We Don’t Need No Education

As the 2020 academic year draws to a close, schools are pursuing a patchwork response of in-person, remote and hybrid classes on top of varying mask and social distancing rules

This week, New York City reopened public elementary schools after closing briefly in response to surpassing a city-wide 3 percent test positivity rate. At public elementary schools in Baltimore, some students are returning to the classroom for the first time since March. 

Recent data from random testing in the U.S. and Britain suggest that in-person instruction in elementary schools does not appear to significantly impact community transmission of the virus. Children under 10 are less likely to be affected by coronavirus and spread it less efficiently than older populations. 

Cities like Chicago, Philadelphia and Los Angeles are following NYC and Baltimore, with plans to bring young children back to the classroom first. In-person learning is critical for the development of younger children – and logistically, online learning is much more cumbersome with them.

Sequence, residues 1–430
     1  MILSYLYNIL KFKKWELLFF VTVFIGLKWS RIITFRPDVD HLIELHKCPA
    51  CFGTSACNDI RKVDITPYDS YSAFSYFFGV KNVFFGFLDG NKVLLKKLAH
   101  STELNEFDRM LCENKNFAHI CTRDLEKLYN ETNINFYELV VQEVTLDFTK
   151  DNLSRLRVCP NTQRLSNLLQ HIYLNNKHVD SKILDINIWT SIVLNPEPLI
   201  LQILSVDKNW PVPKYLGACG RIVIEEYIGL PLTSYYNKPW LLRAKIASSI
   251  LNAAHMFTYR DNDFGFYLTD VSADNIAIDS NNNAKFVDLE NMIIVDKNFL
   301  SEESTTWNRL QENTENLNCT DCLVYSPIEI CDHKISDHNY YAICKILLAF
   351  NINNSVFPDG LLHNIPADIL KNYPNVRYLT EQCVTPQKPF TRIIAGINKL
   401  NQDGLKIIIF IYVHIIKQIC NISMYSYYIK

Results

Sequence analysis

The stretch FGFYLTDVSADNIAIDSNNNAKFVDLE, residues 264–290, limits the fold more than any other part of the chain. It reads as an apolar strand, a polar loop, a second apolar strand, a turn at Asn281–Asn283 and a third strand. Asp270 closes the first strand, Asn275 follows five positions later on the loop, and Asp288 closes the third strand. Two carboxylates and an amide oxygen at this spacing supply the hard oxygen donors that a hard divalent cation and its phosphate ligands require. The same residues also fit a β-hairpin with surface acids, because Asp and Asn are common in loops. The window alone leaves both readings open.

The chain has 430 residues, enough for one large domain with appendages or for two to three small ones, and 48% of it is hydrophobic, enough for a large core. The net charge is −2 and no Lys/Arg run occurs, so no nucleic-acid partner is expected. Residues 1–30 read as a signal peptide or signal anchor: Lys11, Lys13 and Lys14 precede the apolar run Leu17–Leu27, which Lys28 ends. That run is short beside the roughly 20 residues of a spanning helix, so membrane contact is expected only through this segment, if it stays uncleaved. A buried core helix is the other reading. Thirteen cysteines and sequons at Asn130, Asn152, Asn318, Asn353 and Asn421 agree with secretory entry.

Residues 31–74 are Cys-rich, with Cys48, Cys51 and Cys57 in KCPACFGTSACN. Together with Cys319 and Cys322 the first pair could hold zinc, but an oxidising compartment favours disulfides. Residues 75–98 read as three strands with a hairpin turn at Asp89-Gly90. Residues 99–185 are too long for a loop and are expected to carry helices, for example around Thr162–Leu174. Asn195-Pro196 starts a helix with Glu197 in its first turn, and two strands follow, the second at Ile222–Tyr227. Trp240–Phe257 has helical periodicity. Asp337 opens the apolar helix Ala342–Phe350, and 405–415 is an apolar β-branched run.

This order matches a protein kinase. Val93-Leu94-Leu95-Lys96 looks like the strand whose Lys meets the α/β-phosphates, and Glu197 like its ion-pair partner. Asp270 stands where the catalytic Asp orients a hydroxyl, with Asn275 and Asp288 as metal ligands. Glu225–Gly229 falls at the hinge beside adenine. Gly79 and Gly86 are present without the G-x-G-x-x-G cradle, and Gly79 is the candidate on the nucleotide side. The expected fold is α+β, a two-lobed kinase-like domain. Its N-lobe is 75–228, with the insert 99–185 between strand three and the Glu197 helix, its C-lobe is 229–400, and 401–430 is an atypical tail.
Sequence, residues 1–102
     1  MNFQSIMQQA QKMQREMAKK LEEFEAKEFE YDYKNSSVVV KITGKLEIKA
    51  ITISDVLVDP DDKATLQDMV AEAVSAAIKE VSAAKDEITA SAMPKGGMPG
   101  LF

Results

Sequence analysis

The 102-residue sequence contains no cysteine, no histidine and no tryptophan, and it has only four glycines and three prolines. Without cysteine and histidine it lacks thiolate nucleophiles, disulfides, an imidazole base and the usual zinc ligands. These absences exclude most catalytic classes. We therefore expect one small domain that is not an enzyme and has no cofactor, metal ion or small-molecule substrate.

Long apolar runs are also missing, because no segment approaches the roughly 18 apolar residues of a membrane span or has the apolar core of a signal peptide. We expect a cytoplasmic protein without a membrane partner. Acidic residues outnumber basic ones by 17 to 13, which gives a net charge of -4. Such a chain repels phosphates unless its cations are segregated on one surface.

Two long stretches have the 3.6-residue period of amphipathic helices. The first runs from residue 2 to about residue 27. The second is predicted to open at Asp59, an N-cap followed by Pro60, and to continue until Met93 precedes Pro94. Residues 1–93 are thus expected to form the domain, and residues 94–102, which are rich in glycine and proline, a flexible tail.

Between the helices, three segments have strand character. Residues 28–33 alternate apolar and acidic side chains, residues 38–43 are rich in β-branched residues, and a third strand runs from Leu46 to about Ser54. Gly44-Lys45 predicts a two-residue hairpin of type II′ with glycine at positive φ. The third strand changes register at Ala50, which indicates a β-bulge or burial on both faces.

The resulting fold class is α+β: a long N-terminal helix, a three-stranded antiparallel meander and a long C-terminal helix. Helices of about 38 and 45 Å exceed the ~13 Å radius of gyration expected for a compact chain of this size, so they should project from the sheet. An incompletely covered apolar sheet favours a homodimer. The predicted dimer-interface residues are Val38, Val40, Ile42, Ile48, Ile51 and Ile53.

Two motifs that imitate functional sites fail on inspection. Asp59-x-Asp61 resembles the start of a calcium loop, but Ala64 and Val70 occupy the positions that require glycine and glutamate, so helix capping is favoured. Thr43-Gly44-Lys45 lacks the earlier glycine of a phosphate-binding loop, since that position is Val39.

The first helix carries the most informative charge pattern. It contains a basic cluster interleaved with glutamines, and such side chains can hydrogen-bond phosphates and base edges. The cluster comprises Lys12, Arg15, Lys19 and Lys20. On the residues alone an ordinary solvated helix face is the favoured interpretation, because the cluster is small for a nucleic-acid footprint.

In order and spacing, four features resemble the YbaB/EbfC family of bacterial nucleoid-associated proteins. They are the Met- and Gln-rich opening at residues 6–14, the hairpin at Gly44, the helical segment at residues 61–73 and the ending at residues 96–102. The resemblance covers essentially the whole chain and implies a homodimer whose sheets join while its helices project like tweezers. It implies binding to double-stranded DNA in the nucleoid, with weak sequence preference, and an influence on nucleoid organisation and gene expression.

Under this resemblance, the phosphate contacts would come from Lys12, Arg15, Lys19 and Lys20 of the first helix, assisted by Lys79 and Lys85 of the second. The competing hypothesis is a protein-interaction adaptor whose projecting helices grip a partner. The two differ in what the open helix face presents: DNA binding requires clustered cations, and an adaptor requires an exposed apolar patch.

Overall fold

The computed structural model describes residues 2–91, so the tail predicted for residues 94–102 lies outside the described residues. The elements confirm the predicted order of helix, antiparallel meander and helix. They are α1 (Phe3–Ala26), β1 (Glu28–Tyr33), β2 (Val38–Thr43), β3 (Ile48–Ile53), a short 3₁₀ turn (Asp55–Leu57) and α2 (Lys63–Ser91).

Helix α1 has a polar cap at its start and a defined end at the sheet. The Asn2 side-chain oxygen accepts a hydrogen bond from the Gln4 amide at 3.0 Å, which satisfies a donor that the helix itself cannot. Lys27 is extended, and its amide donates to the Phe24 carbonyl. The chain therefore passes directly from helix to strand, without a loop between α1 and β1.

For now, many public middle and high schools will remain online until a vaccine is widely distributed. Private schools for kids of all ages have more flexibility with reopening, and often, more money to put precautionary measures in place

University instruction plans are similarly inconsistent. Many colleges have started announcing plans for the spring, with some sticking to complete remote education with a small number of students on campus and others allowing all students back to campus for hybrid in-person and online classes.